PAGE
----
It’s fair to say that barely anybody at Chelsea is playing particularly well right now, but few players have underwhelmed quite like Mason Mount.
The Blues academy graduate reached double figures for both goals and assists in the Premier League last season but has been well off the pace this time around. He has scored three times and created two more in 22 games – form which has seen him lose his spot in Chelsea’s starting lineup.
But what exactly has gone wrong, and how can Chelsea fix the situation?
In an exclusive interview with 90min, Joe Cole talks to Scott Saunders & Harry Symeou regarding all things Chelsea. They talk about Graham Potter’s future, Mason Mount, the Blues’ transfer policy and more.
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In the 2021/22 season, only seven players averaged more shot-creating actions per 90 minutes in the Premier League than Mount. He regularly played dangerous passes or tried to beat his defender and was an absolute menace in England’s top flight.
This season, however, we have seen very little of that. Mount’s statistics have plummeted and so too has patience from a fan base which has always been divided on what the 24-year-old actually offers on the pitch.
Attackers have all struggled under manager Graham Potter but few have stood out like Mount, whose failure to drive Chelsea forwards has been painfully noticeable.
Indeed, his struggles contributed to the decision to recruit Joao Felix in January. The Atletico Madrid man has played almost exclusively in Mount’s preferred position and has been one of the stand-out players of 2023, pushing Mount down the pecking order.
With all this going on in public, there have also been issues for Mount behind the scenes. He has entered the final 18 months of his contract and has rejected offers of a renewal which he did not believe reflected his status as a regular starter for club and country.
While it’s impossible to say whether the contract negotiations have impacted Mount’s performance, there’s no denying it’s hardly an ideal situation for either player or club.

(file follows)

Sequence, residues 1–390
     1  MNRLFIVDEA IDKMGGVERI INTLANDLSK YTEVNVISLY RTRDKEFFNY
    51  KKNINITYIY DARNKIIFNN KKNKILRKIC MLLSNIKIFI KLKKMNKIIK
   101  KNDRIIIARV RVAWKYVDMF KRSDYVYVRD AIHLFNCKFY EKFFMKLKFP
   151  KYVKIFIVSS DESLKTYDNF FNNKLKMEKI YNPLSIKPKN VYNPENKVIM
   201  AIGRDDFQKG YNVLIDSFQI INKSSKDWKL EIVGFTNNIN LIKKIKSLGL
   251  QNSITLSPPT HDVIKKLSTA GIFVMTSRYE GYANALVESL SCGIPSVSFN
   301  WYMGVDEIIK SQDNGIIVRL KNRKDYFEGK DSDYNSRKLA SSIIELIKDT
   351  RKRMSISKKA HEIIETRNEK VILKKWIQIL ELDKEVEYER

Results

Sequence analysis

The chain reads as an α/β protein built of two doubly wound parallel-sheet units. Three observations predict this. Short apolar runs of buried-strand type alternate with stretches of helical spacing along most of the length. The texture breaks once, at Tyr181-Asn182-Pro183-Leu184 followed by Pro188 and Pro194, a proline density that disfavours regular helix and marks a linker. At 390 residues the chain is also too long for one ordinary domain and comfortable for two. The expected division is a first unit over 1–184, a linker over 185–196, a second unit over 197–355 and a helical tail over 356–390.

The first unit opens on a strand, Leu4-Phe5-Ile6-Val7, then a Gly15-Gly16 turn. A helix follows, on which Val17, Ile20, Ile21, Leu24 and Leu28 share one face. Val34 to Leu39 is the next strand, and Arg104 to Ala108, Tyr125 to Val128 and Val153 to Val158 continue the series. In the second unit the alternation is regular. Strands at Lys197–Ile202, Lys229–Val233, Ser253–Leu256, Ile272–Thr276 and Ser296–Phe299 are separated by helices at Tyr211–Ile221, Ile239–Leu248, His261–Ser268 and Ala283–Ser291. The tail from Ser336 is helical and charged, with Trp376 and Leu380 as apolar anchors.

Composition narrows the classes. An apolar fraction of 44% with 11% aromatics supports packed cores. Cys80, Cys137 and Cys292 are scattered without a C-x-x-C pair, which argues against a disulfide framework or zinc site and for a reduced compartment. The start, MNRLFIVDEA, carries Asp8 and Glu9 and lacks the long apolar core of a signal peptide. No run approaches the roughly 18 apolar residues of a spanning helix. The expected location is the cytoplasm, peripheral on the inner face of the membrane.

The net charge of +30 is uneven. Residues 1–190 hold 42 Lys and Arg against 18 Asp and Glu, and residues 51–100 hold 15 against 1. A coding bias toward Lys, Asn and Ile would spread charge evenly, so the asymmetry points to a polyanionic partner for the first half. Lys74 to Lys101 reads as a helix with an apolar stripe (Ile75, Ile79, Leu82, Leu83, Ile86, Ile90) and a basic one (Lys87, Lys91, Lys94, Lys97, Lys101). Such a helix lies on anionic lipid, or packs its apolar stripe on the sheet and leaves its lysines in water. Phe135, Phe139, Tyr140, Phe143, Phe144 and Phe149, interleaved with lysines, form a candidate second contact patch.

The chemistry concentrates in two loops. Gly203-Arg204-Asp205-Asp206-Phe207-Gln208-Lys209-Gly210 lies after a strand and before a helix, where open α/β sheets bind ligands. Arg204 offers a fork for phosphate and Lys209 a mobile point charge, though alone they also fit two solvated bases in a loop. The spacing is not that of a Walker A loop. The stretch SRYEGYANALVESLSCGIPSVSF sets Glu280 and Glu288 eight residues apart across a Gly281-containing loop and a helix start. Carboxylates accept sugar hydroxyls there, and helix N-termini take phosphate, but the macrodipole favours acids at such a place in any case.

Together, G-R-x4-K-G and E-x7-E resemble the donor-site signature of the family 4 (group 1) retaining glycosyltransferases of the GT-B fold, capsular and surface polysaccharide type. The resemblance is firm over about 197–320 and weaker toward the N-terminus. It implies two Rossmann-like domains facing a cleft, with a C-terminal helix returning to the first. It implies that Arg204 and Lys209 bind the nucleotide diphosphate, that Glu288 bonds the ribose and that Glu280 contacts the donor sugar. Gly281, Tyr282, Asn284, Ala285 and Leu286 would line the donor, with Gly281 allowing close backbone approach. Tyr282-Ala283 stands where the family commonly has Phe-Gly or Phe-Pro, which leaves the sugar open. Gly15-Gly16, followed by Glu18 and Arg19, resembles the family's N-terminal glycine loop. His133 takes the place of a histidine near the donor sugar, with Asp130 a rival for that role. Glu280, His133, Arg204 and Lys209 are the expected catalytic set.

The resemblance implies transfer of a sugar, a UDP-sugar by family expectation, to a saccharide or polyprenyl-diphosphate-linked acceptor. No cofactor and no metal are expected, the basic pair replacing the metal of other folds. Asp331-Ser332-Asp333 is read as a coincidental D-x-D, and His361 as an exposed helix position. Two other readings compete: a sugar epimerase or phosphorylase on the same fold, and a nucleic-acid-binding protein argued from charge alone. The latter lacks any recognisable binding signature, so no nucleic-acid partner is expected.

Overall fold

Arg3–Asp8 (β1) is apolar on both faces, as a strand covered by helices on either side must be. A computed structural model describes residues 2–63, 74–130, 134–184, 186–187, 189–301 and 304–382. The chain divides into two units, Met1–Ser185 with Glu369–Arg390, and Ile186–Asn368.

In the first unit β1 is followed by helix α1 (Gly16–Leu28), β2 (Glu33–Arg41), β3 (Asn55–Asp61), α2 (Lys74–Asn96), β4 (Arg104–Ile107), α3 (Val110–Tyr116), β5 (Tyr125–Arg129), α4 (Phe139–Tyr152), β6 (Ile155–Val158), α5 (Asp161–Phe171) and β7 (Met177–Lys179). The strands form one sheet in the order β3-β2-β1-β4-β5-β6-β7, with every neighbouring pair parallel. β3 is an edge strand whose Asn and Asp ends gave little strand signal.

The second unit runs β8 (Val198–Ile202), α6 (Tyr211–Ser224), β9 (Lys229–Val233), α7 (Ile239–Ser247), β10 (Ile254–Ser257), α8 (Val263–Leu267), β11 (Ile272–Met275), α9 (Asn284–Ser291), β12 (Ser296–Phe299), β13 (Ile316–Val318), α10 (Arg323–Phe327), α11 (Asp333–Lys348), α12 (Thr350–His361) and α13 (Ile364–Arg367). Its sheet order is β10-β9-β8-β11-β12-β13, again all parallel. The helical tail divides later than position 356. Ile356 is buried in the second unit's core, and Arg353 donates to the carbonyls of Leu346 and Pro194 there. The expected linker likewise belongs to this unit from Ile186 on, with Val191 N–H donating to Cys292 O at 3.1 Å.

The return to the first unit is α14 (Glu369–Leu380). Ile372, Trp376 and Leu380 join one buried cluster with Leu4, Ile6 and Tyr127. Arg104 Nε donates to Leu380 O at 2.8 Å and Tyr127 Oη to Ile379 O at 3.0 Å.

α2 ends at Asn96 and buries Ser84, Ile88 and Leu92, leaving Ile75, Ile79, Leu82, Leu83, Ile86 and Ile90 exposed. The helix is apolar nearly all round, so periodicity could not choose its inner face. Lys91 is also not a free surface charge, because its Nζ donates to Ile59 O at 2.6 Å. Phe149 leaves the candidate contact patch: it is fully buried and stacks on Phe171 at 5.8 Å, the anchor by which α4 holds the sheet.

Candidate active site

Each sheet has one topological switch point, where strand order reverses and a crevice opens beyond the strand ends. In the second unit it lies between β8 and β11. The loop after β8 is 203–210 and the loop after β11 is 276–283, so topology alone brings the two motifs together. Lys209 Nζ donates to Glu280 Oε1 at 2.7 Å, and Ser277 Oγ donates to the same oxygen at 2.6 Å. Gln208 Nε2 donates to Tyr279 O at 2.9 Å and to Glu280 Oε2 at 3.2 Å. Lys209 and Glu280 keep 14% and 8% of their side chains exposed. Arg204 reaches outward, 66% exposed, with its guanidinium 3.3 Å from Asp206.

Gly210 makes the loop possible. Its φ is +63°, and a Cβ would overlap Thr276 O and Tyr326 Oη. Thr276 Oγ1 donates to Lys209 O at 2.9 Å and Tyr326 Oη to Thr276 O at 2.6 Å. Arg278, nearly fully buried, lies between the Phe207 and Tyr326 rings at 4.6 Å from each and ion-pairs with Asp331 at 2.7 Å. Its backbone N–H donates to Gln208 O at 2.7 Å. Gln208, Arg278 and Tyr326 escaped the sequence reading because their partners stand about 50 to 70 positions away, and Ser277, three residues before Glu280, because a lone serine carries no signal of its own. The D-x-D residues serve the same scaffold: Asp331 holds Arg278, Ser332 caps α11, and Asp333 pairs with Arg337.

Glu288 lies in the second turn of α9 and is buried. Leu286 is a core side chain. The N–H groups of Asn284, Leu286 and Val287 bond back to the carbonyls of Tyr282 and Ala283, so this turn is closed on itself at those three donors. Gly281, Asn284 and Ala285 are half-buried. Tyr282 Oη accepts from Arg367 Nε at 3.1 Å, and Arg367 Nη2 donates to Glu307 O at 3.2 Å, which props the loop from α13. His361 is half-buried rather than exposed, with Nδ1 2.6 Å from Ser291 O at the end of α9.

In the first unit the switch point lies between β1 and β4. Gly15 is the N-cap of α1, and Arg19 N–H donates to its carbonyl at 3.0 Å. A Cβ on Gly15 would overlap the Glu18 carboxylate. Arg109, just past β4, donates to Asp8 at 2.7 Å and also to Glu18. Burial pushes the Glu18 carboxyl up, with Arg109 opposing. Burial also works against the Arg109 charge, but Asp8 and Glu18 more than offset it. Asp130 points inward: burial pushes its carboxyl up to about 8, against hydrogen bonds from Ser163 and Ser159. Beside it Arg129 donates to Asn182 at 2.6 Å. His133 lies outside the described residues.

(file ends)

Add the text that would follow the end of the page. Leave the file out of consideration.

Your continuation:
While it’s obviously easier said than done, Mount must rediscover that cutting edge in the final third.
What made Mount so dangerous in the past was his willingness to receive the ball on the turn and run straight at defenders, never really knowing what his next move was but always prepared to cause some sort of chaos.
Mount has never been a pure goalscorer or an elite creator, but his struggles to get into the right area and attack with the same sort of oomph we saw last season have really highlighted his limitations in front of goal.
To get back to his best, Mount must bring back the energy of Tuchel or Frank Lampard’s reign, but that’s not something he will be able to do without a little help from his manager.
Potter appears to have selected Mount to become his new Alexis Mac Allister – an attack-minded player who could actually have a significant impact in a bit of a deeper role. On paper, it looked like a smart fit but it’s one which hasn’t worked.
Mount has been starting as an attacking midfielder but has clearly been tasked with coming deeper to overload the midfield, but it hasn’t worked to his strengths as Mount wants to be the first line of attack, rather than part of the build-up.
Under Tuchel, Mount was a pure attacking midfielder. He was still asked to help out defensively, but when in possession, the Englishman was challenged to roam about, find space and do what he does best. That liberty has not been afforded to him this season.
To try and rectify this, Potter played Mount in an attacking role on the left of Chelsea’s attack in the recent 1-0 defeat to Southampton, but that also ended miserably. Mount isn’t the fastest player and doesn’t benefit from the limited space that comes with standing on the touchline. He wants the freedom of the pitch in the number 10 role that Felix has, deservedly, made his own right now.
Finding a way to combine Mount and Felix is crucial for Potter. Perhaps the latter, more mobile and agile than Mount, could be used in a wider role, or maybe the two combine as dual number 10s in the 3-4-2-1 setup that brought Tuchel real success.
There’s reason to believe that the arrival of Enzo Fernandez, who provides much more midfield control than Chelsea had to offer before he came, could boost Mount. If his energy is no longer needed in a deeper role, Mount may get the freedom to return further up the pitch.
If Mount can get more involved in the final third, Chelsea fans can be confident their academy graduate will come good once again.